It looks like you're using an Ad Blocker.

Please white-list or disable AboveTopSecret.com in your ad-blocking tool.

Thank you.

 

Some features of ATS will be disabled while you continue to use an ad-blocker.

 

The Von Neumann Probe and You.

page: 1
0

log in

join
share:

posted on Dec, 24 2004 @ 02:29 AM
link   
Well, you'll have to forgive me in advance. I'm a bit rambly after suddenly realising how much sense this makes. If you'll bear with me and stand the read, I'd like to propose an answer to why we're here.

First, some background:

The Von Neumann Probe is a self-replicating self expanding robot. Jon Von Neumann (pronounced Noy-man, let's get that out of the way now) put forth the idea a long time ago. The idea is that millions of Von Neumann probes would be launched, and they would land on any planets in their paths, and start reproducing, then construct a means for more to be sent off, then continue the expansion, and millions more would be put forth from each colonised planet, who would then continue the trend. It would be the fastest and most efficient way to colonise and map out the known universe, taking as little as a half a million years to colonize the galaxy.

Now, some foreground:

We constantly speak about nanotechnology, self replicating robots, etc... - and we're currently working a lot in biotechnology, and we've even realised that DNA might be a great method of programming DNA-Bots.

We've also known for a while that bacteria is able to exist in space-type environments - It existed for a few years on the moon (69-73 or so).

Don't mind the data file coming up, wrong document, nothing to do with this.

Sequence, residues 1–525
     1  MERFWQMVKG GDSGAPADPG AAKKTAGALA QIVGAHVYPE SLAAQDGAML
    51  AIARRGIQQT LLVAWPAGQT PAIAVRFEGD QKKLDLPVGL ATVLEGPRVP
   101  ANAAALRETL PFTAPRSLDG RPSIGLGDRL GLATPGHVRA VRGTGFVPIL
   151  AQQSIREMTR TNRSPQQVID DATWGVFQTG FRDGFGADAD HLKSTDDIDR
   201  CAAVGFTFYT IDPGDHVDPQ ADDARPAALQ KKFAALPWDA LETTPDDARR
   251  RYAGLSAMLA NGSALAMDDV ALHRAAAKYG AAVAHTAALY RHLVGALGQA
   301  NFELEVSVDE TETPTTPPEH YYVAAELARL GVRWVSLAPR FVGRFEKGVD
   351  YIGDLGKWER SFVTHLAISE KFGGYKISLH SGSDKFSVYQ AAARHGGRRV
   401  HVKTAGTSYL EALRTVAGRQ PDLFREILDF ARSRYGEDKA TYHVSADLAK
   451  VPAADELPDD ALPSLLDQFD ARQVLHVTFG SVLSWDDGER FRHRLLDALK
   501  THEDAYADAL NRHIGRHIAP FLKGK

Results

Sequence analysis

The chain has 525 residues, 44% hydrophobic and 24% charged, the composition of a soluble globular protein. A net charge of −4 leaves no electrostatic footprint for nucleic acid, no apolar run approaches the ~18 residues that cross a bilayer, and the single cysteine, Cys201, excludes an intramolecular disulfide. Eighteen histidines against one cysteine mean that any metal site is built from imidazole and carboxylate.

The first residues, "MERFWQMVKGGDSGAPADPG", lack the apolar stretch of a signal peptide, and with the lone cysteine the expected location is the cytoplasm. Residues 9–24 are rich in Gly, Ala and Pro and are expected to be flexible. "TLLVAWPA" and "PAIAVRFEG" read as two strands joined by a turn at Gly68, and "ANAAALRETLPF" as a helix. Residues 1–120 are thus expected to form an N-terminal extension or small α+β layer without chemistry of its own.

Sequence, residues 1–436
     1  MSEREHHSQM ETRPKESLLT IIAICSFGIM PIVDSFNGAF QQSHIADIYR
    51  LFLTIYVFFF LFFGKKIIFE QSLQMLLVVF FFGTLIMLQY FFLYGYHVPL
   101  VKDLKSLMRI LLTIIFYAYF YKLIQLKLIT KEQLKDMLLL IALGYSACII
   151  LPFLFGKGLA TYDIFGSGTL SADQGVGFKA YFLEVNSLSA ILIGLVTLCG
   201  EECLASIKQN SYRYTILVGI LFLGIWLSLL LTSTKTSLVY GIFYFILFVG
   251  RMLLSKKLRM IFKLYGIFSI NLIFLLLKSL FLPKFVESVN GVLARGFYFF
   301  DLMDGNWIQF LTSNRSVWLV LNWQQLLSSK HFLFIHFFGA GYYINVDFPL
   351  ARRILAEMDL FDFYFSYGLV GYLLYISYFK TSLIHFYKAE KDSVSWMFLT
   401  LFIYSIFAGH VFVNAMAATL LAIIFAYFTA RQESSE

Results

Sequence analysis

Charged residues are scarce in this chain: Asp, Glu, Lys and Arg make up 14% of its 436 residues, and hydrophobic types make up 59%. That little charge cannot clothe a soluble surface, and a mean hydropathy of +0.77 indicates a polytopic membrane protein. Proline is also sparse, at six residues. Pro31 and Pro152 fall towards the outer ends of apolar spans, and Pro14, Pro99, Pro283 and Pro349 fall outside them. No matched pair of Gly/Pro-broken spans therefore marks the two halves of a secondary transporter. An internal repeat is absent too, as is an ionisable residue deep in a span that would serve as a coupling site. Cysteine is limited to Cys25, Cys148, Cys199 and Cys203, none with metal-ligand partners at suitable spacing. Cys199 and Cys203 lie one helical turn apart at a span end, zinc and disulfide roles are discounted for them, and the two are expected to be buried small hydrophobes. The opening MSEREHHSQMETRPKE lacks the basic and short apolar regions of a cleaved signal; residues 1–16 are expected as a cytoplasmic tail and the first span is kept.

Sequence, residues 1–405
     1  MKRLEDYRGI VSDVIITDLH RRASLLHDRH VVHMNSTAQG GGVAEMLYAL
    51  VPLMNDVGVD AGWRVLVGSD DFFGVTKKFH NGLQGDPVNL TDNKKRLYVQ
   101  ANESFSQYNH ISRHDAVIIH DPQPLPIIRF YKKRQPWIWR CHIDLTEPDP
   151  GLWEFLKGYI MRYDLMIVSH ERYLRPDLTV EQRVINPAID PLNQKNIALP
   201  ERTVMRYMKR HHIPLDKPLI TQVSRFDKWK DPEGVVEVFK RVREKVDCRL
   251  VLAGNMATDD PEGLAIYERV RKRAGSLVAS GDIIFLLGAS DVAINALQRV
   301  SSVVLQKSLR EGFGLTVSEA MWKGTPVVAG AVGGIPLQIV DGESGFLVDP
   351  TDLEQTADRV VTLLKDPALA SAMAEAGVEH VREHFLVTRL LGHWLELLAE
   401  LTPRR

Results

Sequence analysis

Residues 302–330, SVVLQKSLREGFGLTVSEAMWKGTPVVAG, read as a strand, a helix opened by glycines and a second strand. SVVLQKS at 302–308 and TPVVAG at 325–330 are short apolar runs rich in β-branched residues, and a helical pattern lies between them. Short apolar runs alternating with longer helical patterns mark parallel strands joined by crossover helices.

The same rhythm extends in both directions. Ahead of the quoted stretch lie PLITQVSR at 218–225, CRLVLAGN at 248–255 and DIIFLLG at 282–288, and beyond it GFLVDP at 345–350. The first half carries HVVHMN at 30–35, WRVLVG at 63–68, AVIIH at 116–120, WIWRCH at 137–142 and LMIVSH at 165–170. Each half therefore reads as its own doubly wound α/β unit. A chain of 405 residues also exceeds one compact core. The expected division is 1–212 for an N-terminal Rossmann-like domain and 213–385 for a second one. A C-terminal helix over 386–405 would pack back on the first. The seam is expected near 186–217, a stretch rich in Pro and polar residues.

We also know that we just somehow managed to start existing, and it is possible we've evolved from Bacteria.

Now the theory:

A long, long time ago, some species far more advanced than us came up with the same idea, and they knew the best way to go about it was biotechnology.

Cells were engineered that would last indefinitely in a stasis-like state as they drifted through space, propelled initially and then lightly carried by cosmic winds.

They would be pulled out of their stasis by the heat caused by entry into an atmosphere, and would lose some excess bulk to remain there - and begin mitosis.

As they divided and expanded continuously in the atmosphere, if the conditions were right, they could become heavier, falling to the earth - or, to the oceans.

On a place like earth, they would have the warm seas to evolve in, heated by the still cooling crust. They would continue onward in the seas, creating cultures and separations, evolving separately, and uniquely, finally competing and spurring evolution on themselves.